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Open Access Database

Mapping randomized controlled trials of treatments for eczema - The GREAT database (The Global Resource of Eczema Trials: a collection of key data on randomized controlled trials of treatments for eczema from 2000 to 2010)

Helen Nankervis1*, Alan Maplethorpe2 and Hywel C Williams1

Author Affiliations

1 Centre of Evidence Based Dermatology, Room A103, King's Meadow Campus, University of Nottingham, Lenton Lane, Nottingham, NG7 2NR, UK

2 Clinical Trials Unit, University of Nottingham, Queens Medical Centre Campus, Medical School, Derby Road, Nottingham, NG7 2UH, UK

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BMC Dermatology 2011, 11:10  doi:10.1186/1471-5945-11-10

Published: 18 May 2011

Abstract

Background

Massive duplication of effort occurs when researchers all over the world undertake extensive searches for randomized controlled trials when preparing systematic reviews, when developing evidence-based guidelines and when applying for research funding for eczema treatments. Such duplication wastes valuable resources.

Searching for randomized controlled trials of eczema is a laborious task involving scrutiny of thousands of individual references from diverse electronic databases in order to obtain a few papers of interest. Clinicians and patients who wish to find out more about a particular treatment are at risk of missing the relevant evidence if they are not trained in electronic bibliographic searching. Systematic reviews cannot be relied upon to comprehensively inform current optimal eczema treatments due to incomplete coverage and because many may be out of date.

An international, publically available and comprehensive resource which brings together all randomized controlled trials on eczema treatment using a highly sensitive search has the potential to release more filtered knowledge about patient care to those who need it most and to significantly shorten the duration and costs of many clinical eczema research and guideline projects.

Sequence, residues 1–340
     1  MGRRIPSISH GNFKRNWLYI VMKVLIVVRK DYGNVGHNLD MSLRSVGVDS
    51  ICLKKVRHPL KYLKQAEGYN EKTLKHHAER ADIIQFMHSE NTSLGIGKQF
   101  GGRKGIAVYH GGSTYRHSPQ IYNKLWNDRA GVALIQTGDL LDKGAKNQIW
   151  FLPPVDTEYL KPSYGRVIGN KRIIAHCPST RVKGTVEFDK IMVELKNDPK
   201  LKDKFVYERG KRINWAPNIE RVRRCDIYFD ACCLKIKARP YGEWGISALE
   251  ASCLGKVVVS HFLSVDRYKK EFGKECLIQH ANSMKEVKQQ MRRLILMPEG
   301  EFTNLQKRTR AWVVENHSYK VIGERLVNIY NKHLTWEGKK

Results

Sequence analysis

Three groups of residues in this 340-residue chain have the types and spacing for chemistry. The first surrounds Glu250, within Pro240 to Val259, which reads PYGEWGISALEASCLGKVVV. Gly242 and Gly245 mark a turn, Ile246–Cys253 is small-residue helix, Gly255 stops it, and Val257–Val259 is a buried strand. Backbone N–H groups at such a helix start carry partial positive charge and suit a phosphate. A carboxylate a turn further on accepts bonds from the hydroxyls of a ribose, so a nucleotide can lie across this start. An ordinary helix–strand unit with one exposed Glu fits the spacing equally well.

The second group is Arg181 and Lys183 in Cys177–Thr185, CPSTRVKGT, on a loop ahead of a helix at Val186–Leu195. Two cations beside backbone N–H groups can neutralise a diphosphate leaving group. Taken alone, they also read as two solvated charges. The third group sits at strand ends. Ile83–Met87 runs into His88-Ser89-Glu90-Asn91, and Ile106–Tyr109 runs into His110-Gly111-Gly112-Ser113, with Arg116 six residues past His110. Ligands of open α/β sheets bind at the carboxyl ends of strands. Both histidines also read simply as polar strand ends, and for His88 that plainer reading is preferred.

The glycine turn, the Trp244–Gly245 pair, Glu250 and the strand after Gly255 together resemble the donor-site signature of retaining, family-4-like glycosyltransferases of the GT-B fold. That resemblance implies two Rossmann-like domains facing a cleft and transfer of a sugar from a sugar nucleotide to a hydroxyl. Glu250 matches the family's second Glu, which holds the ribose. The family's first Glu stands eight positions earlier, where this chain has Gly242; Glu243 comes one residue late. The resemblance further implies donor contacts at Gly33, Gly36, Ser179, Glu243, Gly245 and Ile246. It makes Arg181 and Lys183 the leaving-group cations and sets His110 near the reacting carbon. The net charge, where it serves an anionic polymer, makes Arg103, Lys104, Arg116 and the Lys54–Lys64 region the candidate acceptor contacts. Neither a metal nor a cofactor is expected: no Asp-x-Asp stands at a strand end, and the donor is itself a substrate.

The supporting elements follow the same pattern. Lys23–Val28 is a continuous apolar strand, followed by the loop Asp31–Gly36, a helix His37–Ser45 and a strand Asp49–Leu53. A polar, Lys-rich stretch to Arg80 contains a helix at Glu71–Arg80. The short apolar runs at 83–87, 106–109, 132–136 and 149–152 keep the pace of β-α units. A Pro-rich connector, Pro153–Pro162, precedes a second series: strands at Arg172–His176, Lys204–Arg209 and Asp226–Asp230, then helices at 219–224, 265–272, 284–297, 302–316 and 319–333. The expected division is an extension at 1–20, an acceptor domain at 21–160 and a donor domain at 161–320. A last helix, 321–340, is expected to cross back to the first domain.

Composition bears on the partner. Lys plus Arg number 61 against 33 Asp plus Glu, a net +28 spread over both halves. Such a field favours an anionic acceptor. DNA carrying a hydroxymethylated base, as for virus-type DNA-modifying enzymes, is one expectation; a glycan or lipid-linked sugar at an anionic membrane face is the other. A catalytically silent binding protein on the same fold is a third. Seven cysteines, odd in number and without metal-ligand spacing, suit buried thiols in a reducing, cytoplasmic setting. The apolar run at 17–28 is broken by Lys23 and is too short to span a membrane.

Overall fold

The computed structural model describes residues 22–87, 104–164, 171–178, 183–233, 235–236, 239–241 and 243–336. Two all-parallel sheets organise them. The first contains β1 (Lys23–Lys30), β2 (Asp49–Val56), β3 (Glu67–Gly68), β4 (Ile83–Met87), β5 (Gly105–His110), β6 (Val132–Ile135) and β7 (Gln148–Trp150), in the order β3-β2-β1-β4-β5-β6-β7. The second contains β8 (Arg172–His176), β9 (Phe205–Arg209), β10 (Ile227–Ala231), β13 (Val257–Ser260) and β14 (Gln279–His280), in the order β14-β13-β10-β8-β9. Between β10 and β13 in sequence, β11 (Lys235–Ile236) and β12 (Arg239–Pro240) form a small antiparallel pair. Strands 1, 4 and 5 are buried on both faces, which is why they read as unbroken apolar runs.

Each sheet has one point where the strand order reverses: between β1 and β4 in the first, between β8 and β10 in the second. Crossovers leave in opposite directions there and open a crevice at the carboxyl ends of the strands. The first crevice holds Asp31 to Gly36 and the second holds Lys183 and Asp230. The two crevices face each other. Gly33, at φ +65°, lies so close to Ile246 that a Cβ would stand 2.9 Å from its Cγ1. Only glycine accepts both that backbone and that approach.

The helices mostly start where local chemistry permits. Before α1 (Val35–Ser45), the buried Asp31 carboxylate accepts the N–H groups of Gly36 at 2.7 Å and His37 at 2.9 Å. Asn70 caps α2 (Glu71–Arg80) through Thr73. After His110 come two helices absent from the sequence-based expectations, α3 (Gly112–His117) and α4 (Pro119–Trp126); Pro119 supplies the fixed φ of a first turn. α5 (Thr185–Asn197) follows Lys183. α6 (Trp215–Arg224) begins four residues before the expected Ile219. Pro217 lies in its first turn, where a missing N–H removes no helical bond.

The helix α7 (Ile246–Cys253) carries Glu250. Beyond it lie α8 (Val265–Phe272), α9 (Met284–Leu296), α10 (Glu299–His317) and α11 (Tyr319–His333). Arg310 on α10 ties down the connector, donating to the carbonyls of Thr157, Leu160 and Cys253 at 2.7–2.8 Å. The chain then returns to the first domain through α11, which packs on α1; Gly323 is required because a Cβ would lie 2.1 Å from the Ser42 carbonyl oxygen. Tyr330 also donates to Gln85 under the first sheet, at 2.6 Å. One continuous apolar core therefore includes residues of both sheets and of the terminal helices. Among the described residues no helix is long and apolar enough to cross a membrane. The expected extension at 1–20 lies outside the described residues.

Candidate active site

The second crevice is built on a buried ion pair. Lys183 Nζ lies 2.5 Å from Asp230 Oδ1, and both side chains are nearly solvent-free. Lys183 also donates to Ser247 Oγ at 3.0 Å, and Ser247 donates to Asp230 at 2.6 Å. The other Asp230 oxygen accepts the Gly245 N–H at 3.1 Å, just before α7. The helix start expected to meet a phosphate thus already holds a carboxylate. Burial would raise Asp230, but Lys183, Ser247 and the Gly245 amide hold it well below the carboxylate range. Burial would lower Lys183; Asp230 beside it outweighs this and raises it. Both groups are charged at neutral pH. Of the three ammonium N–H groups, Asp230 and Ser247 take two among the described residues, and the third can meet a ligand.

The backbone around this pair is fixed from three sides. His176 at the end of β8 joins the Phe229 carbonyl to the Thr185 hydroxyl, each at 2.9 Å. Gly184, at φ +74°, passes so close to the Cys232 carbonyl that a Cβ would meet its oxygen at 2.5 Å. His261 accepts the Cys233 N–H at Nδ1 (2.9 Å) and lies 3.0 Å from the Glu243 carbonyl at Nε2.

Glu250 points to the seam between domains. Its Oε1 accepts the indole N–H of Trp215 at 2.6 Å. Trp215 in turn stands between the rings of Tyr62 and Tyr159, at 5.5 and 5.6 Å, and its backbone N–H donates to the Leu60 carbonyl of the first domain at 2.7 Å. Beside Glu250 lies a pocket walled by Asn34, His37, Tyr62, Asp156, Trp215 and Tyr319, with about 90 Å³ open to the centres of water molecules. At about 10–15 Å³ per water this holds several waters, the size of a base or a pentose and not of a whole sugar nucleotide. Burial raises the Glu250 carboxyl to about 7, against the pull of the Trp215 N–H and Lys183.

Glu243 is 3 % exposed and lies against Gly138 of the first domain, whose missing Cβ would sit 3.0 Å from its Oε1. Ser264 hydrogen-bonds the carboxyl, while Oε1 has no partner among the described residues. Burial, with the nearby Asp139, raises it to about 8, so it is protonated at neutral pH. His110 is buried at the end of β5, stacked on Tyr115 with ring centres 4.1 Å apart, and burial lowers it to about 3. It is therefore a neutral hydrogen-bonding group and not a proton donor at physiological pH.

Description

The

    G
lobal
    R
esource of
    E
czem
    A
 
    T
rials brings together information on all randomized controlled trials of eczema treatments published from the beginning of 2000 up to the end of 2010 and will be updated every month.

We searched the Cochrane Central Register of Controlled Trials in The Cochrane Library and the Cochrane Skin Group Specialised Register, MEDLINE, EMBASE, LILACS, AMED and CINHAL databases. We included 268 RCTs (24th March 2011) covering over 70 different treatment interventions.

The structure of the Global Resource of Eczema Trials allows the user as much, or as little, specificity when retrieving information on trials as they wish, in an easy to use format. For each trial, the database gives the citation for the published report and also provides enough information to enable a user to decide whether the trial is worth further scrutiny.

Conclusions

The Global Resource of Eczema Trials has been created to facilitate knowledge mobilization into healthcare and to reduce wastage of research time through unnecessary duplication. The collective time saved by research groups around the world can now be used to make strides in optimising the treatment of eczema, in order to further benefit people with eczema. The database can be accessed free of charge at http://www.greatdatabase.org.uk webcite